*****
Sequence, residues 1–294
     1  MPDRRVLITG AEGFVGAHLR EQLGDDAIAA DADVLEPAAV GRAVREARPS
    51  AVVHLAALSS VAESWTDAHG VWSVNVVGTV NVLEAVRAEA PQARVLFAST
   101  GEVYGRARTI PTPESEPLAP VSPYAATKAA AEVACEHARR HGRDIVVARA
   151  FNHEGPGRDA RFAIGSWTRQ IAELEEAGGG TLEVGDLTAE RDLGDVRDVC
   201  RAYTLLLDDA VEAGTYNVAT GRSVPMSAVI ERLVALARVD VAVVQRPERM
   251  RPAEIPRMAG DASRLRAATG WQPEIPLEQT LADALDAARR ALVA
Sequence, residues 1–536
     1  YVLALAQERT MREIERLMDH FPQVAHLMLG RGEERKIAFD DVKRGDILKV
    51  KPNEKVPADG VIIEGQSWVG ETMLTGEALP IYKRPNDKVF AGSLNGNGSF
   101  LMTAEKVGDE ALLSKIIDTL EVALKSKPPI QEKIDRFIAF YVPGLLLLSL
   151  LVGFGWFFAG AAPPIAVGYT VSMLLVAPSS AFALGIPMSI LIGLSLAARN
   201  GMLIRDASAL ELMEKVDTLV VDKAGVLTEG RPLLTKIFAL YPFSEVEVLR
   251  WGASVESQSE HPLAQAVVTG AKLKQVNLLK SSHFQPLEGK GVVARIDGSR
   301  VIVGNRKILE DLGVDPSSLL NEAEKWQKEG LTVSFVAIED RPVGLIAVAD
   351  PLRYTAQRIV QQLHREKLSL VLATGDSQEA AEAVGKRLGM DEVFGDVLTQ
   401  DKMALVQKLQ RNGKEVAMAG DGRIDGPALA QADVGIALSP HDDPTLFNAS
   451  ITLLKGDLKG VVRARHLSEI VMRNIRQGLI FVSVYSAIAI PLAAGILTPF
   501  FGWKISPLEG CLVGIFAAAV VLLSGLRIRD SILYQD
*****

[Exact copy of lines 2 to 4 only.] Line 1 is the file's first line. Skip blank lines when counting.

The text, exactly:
     1  MPDRRVLITG AEGFVGAHLR EQLGDDAIAA DADVLEPAAV GRAVREARPS
    51  AVVHLAALSS VAESWTDAHG VWSVNVVGTV NVLEAVRAEA PQARVLFAST
   101  GEVYGRARTI PTPESEPLAP VSPYAATKAA AEVACEHARR HGRDIVVARA